Los Angeles County District Attorney
Voters have a choice between the incumbent, Jackie Lacey—a dedicated, career prosecutor who has been running her office ably since her election in 2012—and George Gascón, a wily politician who resigned from his post as district attorney of San Francisco in hopes of using the Los Angeles District Attorney’s Office as a springboard to higher positions.
He has never tried a case—yet wants to direct the efforts of the 1,000-or-so lawyers in the office.
Gascón is riding on the current soft-on-crime wave, pledging deference to wrongdoers, while ignoring the need for protection of the public against those who would prey on them.
He is for the death penalty, or against it, depending on what stance is currently in public favor.
Lacey has declined to prosecute in cases, such as police shootings, where it would be politically advantageous to do so, but where such would be a misuse of her authority in light of the lack of evidence warranting a conviction. That reflects honor, for which she should be hailed, not denigrated.
Despite her dedicated service, Lacey is, lamentably, the underdog in the contest. George Soros, the billionaire who delights in funding left-wing causes, recently plunked $1.5 million in Gascón’s coffers.
penly running as a Democrat, although the office is a nonpartisan one, Gascón has the support not only of the California Democratic Party and the Los Angeles County Democratic Party, but top Democrat office-holders including some who have no connection with this county and whose preferences in the race should be regarded as an irrelevancy.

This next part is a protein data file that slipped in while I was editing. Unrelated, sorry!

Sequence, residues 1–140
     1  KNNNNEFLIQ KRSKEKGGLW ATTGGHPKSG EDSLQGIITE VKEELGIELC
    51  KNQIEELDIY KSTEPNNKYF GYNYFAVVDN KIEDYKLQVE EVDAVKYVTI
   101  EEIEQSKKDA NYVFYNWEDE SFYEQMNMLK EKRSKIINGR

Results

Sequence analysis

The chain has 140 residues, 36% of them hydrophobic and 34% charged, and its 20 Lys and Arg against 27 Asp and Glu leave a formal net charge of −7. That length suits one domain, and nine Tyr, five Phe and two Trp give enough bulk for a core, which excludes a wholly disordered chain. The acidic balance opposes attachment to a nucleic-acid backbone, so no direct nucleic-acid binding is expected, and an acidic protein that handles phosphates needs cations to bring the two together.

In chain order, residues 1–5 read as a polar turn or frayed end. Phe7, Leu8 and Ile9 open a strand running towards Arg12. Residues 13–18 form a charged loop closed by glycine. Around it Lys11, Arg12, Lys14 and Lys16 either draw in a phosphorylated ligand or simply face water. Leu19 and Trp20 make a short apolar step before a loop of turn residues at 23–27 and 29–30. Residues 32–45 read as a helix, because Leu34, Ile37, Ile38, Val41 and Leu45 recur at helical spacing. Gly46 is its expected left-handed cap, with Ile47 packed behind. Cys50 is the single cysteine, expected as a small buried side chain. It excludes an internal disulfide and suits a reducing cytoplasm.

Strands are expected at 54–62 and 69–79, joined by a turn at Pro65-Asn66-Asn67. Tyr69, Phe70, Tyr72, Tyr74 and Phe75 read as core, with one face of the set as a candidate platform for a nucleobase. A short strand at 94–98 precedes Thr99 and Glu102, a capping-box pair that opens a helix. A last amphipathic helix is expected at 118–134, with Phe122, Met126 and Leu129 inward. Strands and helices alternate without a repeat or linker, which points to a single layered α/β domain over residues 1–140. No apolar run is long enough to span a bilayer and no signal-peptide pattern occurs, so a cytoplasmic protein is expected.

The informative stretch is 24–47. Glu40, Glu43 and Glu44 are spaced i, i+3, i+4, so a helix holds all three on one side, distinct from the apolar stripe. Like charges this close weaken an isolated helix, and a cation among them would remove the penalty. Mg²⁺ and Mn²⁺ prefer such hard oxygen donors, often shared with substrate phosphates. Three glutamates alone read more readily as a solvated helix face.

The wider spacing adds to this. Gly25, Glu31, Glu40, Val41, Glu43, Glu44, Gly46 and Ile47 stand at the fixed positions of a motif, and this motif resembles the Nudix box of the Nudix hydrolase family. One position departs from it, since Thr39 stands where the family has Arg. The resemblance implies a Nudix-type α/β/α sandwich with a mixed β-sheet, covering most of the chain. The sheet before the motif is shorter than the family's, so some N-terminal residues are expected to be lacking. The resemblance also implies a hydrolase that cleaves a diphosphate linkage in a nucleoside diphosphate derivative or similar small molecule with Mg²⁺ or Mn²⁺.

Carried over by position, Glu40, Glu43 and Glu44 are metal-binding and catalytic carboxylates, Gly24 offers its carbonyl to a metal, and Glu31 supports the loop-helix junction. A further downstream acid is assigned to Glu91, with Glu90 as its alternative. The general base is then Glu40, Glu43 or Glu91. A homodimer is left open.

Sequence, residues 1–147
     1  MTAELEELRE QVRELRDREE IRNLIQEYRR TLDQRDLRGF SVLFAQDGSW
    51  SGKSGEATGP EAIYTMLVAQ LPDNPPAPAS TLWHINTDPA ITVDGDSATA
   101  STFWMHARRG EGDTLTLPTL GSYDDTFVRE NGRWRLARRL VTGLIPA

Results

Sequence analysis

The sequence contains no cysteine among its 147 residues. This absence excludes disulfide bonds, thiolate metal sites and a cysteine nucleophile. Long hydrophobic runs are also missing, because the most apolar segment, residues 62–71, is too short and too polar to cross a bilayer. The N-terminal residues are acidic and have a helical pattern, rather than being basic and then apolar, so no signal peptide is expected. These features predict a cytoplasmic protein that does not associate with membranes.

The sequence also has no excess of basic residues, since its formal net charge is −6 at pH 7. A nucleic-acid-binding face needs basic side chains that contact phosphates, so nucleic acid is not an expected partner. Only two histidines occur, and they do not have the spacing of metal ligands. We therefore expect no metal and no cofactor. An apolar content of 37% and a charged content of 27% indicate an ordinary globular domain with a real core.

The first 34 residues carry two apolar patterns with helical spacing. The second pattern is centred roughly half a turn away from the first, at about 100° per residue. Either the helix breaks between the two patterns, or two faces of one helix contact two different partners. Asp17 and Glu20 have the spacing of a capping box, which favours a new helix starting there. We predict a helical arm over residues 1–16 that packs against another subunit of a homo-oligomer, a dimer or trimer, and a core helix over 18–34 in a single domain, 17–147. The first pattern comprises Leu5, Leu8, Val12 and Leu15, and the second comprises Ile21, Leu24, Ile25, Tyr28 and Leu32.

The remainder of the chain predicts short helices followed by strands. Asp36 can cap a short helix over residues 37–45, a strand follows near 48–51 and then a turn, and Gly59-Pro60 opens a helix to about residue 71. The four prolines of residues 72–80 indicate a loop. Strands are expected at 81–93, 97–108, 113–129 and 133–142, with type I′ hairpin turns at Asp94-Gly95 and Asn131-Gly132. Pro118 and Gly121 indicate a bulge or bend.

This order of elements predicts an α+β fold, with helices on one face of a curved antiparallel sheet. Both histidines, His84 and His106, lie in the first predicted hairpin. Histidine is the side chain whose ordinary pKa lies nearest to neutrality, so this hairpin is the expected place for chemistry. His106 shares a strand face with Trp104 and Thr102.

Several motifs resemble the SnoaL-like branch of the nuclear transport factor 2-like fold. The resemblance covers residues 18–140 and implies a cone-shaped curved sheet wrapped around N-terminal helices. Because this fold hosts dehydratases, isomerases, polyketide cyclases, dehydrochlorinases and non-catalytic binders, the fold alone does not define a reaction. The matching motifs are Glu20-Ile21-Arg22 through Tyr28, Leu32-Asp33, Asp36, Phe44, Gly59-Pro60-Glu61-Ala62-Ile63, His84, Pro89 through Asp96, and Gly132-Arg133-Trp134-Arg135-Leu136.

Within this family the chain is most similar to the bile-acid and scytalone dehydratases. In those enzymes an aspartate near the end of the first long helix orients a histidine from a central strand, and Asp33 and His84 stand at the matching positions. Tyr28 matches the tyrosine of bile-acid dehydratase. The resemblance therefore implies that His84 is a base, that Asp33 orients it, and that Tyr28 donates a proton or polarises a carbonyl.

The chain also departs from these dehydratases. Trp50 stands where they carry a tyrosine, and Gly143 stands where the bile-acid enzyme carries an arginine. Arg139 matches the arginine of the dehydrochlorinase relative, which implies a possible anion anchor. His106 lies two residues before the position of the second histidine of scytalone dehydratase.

Interjecting themselves are U.S. Sen. Bernie Sanders of Vermont; U.S. Sen. Elizabeth Warren of Massachusetts; and California Gov. Gavin Newsom, a San Franciscan currently residing in Sacramento County.
Conscientious Democratic voters ought to revile at the effort of Gascón and their party to turn an election which is, under the state Constitution, nonpartisan in nature—and wisely so—into one in which they are implored to vote for own their party’s chosen candidate, rather than the opposing contender (impliedly, a Republican, though Lacey does happen to be a Democrat).
onpartisan local elections were brought about by the reform movement of the early 1900s.
Pioneering in the institution of nonpartisan elections (as well as the initiative and referendum) was the City of Los Angeles. On the Nov. 9, 1909, City of Los Angeles primary election ballot, names of the candidates for offices—though nominated by political parties at their conventions—appeared without a reference to their parties. This was pursuant to a charter amendment. Such an amendment was soon adopted by cities throughout the state.
Through actions of the state Legislature, there have been nonpartisan elections of judicial officers since 1911, and county officials since 1913.
This was a reform—an improvement. The system has worked well; it’s a venerated one. Yet, there is now an effort to sabotage it.
hat effort, it is to be hoped, will fail.
If it does not, Los Angeles County will have two misfits in an elective office—the district attorney and the sheriff.
We enthusiastically “re-endorse” Jackie Lacey for reelection as Los Angeles County district attorney.
Copyright 2020, Metropolitan News Company